A part of a book
Encapsulating Failure Detection: From Crash to Byzantine Failures
Title of the book
Reliable Software Technologies - Ada-Europe 2002
Lecture Notes in Computer Science (LNCS)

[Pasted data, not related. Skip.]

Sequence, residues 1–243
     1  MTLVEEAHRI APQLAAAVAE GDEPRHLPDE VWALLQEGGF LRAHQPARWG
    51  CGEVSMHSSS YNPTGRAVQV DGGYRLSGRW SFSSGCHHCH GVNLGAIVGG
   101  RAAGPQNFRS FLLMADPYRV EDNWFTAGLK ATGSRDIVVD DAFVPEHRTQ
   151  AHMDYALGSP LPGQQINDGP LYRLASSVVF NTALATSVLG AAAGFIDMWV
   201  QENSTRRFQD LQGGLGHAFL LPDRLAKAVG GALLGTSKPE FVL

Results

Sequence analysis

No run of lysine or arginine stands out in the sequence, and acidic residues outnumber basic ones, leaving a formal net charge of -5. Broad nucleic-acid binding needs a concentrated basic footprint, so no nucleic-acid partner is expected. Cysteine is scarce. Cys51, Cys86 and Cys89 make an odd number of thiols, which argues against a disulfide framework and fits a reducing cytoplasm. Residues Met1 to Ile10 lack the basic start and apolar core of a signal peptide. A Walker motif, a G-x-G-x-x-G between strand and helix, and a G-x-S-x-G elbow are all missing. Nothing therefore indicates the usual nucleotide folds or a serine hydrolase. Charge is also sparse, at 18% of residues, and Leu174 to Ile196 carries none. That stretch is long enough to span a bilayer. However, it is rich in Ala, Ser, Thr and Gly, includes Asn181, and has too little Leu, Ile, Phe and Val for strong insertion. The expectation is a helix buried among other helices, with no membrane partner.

Separating different aspects of a program, and encapsulating them inside well defined modules, is considered a good engineering discipline. This discipline is particularly desirable in the development of distributed agreement algorithms which are known to be difficult and error prone. For such algorithms, one aspect that is important to encapsulate is failure detection. In fact, a complete encapsulation was proven to be feasible in the context of distributed systems with process crash failures, by using black-box failure detectors. This paper discusses the feasibility of a similar encapsulation in the context of Byzantine (also called arbitrary or malicious) failures. We argue that, in the Byzantine context, it is just impossible to achieve the level of encapsulation of the original crash failure detector model. However, we also argue that there is some room for an intermediate approach where algorithms that solve agreement problems, such as consensus and atomic broadcast, can still benefit from grey-box failure detectors that partially encapsulate Byzantine failure detection.
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